Emiko and me with the Guinness World Record certificate, in the Town Hall.

Emiko and me with the Guinness World Record certificate, in the Town Hall.

2008-2010 – No.60: Get Distinctions in my National Diploma in Business

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My classmates, tutor and me in front of Windsor Castle.

My classmates, tutor and me in front of Windsor Castle. I am the one with purple hair.

As my daughter Emiko reached the age of one, I made the decision to go back to college. The first time I went to college I made bad course choices; Archaeology (not as interesting as Tony Robinson makes it out to be), Psychology (not as helpful as you’d think when suffering from mental health issues), Photography (waste of time, spent most of it in a friend’s Graphics class) and English Lit (lost interest when I found out we were studying exactly the same books I had just done for GCSE, which might not have been so bad if I hadn’t thrown out all my GCSE coursework over the summer holidays). At the end of the year I sat in my exams feeling depressed and not really caring if I failed. Success would only mean another year of it. Needless to say, I failed. My final grades were U,U,U and E (in Photography, I actually did some of the coursework for that one).

This time, I was planning to study Business, on the basis that I could then run my own business from home. I didn’t know what exactly (in fact, I’ve only just figured it out this year) but I thought it would be a good place to start. Having a one-year old child turned out not to be the setback one might imagine, in fact, it was rather a boon. It meant I qualified for funding from Sussex Coast College Hastings for not only the course costs and materials but childcare as well.

Although I was excited at returning to education, things didn’t begin well. Somewhat foolishly, I had overloaded myself. In the run up to the start of term, I was co-hosting a charity Burlesque show with my friend Severine at which I was to debut my first (and only) Burlesque routine, in addition to modeling two outfits. Added to that, I was also moving to a new house with a friend of mine, on the basis that having someone to pay half the bills and do half the housework would make life easier while I was studying. Plus, she had a car, so shopping would be easier. Sadly, it was too much to take on. The strain of coping with all this and a small child burst like a dam one day when Sev phoned to tell me she thought it would be best if I backed out and allowed her to run the show by herself. I was devastated. I felt abandoned. I had a bit of a mental breakdown.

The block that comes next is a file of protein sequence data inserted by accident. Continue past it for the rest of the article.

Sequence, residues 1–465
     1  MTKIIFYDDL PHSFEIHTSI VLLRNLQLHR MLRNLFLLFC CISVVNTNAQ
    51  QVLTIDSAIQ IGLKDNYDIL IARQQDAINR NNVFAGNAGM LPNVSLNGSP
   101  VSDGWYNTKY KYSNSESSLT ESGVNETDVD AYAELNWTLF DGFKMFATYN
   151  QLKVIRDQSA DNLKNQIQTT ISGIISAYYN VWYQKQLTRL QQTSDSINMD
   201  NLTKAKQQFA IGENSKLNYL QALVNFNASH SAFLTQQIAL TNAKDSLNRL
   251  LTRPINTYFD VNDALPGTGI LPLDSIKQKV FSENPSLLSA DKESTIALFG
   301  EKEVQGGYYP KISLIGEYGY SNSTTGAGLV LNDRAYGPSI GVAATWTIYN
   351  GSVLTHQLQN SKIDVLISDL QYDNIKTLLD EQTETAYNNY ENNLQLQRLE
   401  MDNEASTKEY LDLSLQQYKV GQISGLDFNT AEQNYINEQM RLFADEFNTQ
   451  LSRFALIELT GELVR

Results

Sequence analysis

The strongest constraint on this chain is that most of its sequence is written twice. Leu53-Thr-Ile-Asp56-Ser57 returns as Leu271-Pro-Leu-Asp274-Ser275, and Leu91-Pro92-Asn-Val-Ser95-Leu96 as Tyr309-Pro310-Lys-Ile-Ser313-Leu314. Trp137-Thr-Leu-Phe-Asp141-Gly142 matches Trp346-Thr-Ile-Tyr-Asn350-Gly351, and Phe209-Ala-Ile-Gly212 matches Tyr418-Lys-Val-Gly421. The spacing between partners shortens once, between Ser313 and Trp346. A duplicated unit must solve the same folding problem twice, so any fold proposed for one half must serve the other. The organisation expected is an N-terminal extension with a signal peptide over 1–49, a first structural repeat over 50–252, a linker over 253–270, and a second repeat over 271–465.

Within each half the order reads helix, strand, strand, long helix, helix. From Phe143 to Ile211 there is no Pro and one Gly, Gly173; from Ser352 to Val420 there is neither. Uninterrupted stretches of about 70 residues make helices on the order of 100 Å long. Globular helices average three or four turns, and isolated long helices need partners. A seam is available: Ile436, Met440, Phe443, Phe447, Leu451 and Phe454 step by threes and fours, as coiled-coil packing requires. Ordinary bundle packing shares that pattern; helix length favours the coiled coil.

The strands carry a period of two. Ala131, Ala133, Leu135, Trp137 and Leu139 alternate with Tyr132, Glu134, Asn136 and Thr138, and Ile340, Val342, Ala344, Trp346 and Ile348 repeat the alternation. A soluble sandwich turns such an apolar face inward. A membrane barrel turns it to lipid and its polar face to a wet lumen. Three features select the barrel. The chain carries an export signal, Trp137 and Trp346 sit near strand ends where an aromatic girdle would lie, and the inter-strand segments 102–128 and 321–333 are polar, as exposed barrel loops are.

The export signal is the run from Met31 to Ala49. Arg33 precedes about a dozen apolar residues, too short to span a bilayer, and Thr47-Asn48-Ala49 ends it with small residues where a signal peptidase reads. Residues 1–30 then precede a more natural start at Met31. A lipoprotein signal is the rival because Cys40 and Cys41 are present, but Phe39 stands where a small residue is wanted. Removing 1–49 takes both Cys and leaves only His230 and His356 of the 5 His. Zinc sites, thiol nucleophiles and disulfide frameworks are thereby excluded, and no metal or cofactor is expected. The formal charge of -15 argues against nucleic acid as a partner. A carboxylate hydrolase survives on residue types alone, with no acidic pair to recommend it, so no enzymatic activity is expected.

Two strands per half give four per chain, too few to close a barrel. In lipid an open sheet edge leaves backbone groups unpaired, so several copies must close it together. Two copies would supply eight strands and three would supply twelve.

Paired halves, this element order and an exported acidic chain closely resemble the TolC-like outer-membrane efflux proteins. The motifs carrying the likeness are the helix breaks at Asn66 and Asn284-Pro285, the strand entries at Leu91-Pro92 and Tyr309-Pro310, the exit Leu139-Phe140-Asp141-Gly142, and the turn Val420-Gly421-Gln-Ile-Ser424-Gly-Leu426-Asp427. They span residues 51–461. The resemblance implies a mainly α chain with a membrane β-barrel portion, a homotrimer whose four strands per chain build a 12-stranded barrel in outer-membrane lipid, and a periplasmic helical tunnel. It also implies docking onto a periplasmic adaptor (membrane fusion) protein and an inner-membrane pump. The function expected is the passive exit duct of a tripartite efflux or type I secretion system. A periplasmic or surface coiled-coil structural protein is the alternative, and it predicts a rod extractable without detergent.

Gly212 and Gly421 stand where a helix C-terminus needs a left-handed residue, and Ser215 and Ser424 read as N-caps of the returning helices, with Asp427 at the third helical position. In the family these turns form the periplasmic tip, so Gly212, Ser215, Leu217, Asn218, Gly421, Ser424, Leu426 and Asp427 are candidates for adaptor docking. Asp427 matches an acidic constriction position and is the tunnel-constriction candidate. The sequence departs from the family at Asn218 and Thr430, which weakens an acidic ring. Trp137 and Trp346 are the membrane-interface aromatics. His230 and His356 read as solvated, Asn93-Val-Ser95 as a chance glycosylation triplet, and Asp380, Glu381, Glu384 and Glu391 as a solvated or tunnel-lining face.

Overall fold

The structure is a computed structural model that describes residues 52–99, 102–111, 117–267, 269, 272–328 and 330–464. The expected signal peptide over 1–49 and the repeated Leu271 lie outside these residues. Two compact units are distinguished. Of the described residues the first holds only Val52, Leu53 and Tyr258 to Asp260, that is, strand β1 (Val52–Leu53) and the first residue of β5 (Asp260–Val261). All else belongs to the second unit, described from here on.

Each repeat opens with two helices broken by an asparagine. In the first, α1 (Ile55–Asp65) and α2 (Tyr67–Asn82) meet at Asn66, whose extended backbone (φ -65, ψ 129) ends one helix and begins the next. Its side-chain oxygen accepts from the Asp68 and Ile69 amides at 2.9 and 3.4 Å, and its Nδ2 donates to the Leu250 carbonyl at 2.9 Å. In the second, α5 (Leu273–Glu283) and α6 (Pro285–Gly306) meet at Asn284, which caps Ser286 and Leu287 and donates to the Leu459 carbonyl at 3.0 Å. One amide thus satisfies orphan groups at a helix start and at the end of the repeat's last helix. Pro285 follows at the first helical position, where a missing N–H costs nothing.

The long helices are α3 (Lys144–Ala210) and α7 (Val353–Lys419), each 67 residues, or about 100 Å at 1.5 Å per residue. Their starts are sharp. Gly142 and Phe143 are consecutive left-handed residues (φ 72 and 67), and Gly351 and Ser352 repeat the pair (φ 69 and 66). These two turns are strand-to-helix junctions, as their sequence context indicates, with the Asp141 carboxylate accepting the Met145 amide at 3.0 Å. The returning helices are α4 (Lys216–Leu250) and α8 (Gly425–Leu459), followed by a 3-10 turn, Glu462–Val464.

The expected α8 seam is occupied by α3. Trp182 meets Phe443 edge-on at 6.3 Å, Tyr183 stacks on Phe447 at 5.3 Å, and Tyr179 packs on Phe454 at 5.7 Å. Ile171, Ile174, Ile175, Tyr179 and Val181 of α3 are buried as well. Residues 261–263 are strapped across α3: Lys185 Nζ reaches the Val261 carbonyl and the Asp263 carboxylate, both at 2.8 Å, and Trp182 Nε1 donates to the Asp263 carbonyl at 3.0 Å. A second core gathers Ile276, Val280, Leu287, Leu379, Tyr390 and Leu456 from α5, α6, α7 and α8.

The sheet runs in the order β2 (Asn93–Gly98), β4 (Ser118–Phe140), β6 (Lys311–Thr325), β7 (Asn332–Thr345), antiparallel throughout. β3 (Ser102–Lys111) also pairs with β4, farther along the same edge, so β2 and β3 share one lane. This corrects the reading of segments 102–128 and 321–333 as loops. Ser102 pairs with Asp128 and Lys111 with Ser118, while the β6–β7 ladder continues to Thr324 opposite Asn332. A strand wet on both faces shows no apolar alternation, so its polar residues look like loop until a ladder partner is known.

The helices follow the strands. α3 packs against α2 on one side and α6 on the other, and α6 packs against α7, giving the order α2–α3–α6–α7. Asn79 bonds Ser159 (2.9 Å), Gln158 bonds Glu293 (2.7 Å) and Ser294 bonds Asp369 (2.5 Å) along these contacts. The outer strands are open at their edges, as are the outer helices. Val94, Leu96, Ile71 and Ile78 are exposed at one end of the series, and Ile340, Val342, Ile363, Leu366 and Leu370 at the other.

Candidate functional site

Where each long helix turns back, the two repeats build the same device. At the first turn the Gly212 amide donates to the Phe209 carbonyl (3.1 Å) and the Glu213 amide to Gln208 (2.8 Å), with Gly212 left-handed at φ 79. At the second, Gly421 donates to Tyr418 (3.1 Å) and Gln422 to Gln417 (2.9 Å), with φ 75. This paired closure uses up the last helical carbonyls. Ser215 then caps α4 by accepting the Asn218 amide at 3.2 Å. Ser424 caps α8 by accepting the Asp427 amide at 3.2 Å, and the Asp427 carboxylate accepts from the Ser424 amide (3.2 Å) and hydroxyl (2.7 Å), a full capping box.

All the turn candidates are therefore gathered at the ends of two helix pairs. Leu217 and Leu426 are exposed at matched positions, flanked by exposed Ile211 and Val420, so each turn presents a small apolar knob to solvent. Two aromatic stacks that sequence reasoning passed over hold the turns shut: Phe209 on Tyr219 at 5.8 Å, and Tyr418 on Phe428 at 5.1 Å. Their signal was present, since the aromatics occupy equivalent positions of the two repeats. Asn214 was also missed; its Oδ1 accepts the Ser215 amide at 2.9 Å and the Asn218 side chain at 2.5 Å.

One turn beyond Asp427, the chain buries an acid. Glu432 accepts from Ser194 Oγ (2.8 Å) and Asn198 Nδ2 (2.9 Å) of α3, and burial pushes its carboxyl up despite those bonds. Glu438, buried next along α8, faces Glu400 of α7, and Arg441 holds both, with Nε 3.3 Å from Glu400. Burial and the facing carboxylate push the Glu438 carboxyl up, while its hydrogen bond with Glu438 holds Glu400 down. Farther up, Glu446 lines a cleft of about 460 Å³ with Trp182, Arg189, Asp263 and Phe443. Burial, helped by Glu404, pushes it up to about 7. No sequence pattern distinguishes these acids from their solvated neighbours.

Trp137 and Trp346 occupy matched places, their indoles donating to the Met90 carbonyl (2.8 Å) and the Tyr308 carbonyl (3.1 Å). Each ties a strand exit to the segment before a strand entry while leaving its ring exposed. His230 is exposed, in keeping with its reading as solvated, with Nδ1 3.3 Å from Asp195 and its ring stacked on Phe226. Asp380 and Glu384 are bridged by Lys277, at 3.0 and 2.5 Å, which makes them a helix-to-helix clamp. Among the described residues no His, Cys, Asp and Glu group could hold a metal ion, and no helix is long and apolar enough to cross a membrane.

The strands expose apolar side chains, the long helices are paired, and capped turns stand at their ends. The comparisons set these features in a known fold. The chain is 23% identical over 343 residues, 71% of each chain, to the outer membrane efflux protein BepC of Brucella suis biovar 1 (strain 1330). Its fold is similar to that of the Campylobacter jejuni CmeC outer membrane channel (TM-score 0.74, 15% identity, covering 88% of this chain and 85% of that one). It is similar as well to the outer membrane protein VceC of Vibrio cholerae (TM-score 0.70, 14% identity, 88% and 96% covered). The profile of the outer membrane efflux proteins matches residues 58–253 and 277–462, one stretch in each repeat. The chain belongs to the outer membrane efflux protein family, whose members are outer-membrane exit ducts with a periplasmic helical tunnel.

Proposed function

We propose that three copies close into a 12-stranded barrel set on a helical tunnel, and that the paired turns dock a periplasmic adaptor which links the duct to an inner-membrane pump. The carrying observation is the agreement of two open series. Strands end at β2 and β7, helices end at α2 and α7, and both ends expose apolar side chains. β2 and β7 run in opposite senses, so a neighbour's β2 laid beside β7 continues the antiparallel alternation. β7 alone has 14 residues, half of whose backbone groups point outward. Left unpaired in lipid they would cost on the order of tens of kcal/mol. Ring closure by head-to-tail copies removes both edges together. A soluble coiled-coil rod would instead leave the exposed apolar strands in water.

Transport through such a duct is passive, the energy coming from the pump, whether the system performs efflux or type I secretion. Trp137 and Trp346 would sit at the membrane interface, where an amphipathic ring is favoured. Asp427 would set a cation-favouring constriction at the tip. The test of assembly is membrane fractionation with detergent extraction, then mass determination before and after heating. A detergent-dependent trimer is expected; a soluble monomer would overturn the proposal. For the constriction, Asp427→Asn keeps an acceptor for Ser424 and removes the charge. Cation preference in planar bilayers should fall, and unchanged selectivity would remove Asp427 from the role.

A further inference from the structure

Thankfully, despite the initial destructive impact on our friendship, Sev and I repaired our differences, apologised for various hurts inflicted and are still good friends to this day, despite her relocation to Australia. Our charity show was successful  (and led to Sev running immensly popular Burlesque nights for over two years) and my routine went very well, although I had such severe stagefright I have never repeated the experience. Possibly the nervous breakdown had something to do with it.

When I started at college I was not in a good place. I felt very much like I had the first time I was at college, with the depression and the panic attacks. The only difference was this time I didn’t hate the work I was doing, I loved it! To be honest, I don’t think my classmates liked me very much to begin with and I don’t really blame them. Eventually, however, I pulled myself out of my slump enough to focus and make a couple of friends. I decided I would aim for the highest marks possible, Distinction, Distinction, Distinction. I had to complete 144 pieces of coursework, over the course of the next two years, sometimes as many as 6 or 7 a week.